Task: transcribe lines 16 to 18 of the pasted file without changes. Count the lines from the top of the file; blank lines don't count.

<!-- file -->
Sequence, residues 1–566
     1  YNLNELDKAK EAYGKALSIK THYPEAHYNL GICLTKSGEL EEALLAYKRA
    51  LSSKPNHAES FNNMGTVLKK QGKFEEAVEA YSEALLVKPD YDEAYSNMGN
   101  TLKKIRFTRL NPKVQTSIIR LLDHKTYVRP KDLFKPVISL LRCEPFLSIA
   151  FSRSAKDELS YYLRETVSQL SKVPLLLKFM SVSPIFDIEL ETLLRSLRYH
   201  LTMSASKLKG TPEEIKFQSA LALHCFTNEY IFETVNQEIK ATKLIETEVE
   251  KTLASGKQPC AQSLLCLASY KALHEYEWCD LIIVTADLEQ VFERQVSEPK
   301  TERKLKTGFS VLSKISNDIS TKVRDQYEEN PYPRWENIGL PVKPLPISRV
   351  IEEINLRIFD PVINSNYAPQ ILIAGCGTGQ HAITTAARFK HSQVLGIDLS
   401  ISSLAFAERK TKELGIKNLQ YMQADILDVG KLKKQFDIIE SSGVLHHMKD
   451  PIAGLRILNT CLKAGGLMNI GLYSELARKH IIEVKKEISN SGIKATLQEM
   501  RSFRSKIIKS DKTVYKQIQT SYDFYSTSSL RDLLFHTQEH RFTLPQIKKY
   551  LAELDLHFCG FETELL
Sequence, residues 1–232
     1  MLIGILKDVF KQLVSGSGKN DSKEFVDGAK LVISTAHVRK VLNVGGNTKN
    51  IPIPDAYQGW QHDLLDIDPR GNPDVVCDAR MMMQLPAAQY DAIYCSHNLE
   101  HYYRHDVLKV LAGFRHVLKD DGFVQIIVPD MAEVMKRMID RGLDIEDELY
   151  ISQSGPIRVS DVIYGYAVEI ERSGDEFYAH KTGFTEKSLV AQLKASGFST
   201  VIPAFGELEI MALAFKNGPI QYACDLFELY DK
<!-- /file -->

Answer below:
    51  IPIPDAYQGW QHDLLDIDPR GNPDVVCDAR MMMQLPAAQY DAIYCSHNLE
   101  HYYRHDVLKV LAGFRHVLKD DGFVQIIVPD MAEVMKRMID RGLDIEDELY
   151  ISQSGPIRVS DVIYGYAVEI ERSGDEFYAH KTGFTEKSLV AQLKASGFST